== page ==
@udiboy: Should work, except if you pump all the air out, the egg would boil. (That would be a mess.) How long would it take? I don't know. BTW, it would probably be a good idea to shield it from the sky around the sun, because that's colder, and could lose heat through radiation. (For the same reason, the chamber should be insulated so it can also come up to temp.)
Jul
6
comment Are Electromagnetic Waves The Only Means of Transmitting Information?
+ You're right, but even the physical means are based on EMF, because when one piece of physical matter impinges on another, it is the electromagnetic interactions that prevent them from moving through each other.
Jun
27
comment why can't you use your cellphone on an airplane?
@David: The thing is, the answer to the question is only marginally about physics or electronics or aeronautics. It's really about risk. There are plenty of rules in aviation that sound like superstition until you realize what the stakes are.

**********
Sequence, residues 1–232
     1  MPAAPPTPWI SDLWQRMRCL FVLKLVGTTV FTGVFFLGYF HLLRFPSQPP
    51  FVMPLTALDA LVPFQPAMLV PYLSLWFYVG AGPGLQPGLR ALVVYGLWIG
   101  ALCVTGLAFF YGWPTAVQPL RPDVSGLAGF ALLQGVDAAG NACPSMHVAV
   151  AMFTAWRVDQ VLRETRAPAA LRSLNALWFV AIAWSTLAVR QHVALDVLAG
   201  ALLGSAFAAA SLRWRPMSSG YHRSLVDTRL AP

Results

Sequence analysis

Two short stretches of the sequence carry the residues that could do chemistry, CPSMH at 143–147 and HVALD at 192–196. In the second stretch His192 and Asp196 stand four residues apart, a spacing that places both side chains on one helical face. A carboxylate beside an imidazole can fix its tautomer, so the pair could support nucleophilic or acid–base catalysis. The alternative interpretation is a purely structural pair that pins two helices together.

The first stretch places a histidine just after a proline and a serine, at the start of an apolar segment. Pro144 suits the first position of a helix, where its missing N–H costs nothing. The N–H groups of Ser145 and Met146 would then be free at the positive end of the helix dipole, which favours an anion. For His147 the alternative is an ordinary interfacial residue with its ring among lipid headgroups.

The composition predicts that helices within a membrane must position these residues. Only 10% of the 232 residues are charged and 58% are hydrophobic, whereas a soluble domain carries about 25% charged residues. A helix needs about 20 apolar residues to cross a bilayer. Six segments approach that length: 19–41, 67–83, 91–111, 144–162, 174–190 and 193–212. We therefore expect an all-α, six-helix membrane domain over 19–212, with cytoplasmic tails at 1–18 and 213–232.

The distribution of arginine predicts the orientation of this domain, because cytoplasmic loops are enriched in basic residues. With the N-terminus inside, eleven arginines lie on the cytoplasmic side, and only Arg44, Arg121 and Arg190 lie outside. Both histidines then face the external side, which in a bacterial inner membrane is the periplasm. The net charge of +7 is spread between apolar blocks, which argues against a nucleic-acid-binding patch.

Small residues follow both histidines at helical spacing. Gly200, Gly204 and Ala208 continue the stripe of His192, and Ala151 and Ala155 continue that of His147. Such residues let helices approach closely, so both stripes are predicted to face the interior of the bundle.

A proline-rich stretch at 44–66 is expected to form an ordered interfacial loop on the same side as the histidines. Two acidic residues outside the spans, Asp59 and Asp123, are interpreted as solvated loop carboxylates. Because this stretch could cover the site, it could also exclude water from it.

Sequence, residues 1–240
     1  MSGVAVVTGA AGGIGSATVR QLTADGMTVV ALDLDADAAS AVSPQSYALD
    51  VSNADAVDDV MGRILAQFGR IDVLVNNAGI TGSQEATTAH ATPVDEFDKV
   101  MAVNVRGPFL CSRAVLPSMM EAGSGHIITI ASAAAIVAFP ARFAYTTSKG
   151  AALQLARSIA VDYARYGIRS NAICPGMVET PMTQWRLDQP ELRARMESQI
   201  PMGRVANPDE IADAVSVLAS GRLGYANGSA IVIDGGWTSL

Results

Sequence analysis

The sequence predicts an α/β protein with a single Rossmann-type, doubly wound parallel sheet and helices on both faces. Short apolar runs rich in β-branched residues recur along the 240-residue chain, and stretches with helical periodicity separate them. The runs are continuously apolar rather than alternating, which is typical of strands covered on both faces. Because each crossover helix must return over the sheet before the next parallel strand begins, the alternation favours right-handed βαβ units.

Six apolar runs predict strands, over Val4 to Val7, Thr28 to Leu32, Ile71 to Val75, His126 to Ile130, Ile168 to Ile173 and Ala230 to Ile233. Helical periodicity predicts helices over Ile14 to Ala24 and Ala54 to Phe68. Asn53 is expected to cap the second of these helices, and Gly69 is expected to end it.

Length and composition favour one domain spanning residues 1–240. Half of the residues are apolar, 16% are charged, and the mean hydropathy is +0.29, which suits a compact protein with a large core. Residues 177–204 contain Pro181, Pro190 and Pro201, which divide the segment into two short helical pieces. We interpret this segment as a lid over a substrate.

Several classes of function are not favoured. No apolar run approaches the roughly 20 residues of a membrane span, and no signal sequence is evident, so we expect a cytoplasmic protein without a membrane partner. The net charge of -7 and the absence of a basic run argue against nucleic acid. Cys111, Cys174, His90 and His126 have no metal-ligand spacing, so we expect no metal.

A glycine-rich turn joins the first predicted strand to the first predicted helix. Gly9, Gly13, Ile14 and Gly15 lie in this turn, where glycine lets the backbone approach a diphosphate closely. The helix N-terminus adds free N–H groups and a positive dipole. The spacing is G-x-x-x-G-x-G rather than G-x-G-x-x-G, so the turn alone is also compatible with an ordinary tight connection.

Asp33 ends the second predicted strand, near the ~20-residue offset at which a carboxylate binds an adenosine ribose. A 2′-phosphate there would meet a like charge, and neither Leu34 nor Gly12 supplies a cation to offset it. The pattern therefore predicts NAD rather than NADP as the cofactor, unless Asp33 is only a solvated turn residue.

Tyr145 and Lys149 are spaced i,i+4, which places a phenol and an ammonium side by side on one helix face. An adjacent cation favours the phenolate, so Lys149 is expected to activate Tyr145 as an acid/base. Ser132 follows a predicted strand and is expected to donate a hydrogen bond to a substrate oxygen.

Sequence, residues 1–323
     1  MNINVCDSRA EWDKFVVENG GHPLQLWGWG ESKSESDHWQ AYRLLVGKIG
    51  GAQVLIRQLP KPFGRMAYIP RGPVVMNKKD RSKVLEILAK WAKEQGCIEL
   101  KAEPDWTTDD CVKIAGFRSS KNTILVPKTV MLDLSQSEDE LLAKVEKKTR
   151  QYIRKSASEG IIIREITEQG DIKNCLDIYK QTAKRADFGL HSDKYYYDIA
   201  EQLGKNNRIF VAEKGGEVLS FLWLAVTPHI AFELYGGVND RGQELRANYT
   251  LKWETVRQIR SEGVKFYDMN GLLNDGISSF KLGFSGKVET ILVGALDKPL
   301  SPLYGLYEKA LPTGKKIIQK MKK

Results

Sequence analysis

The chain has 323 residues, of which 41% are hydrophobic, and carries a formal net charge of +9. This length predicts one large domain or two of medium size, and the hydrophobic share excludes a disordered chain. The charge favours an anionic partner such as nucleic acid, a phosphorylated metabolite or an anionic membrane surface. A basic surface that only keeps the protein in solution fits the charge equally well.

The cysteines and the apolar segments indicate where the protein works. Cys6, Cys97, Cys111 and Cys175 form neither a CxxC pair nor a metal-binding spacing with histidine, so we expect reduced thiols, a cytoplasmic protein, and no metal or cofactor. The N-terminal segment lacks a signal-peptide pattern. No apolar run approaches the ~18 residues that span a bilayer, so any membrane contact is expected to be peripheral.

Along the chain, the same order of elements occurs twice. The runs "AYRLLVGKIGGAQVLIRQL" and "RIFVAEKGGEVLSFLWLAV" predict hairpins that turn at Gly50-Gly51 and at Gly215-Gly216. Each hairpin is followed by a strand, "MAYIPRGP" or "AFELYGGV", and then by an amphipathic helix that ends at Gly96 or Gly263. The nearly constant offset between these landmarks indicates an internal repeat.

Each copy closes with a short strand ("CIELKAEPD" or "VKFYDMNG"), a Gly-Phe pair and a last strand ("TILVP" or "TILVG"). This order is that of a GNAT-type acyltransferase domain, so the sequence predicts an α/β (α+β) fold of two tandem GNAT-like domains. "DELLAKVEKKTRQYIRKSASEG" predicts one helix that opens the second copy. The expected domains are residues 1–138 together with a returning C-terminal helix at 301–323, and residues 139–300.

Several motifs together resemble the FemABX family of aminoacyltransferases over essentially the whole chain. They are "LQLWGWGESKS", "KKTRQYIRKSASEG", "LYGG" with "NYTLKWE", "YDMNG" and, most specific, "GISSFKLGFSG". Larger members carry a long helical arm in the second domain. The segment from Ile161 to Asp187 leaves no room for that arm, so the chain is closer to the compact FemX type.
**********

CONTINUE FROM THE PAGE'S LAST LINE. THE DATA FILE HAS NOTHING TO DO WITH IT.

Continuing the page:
Jun
26
comment Why is the Pegasus launched from a subsonic airplane?
Another reason for using a carrier aircraft is to get above most of the thick air.
Jun
23
comment What does a curved natural log graph suggest?
@NeuroFuzzy is right. If flow rate is proportional to pressure-at-hole (head) then you should see exponential decay. However, that is only true in the viscous limit. For inviscid flow, flow rate is proportional to square-root of pressure, because of energy balance.
Jun
22
comment Does my model aircraft propeller beat the sound barrier?
+ WW2 fighter aircraft also had reduction gearing. Like the F4U Corsair had 2:1 reduction because the prop had a 13' diameter.
Jun
21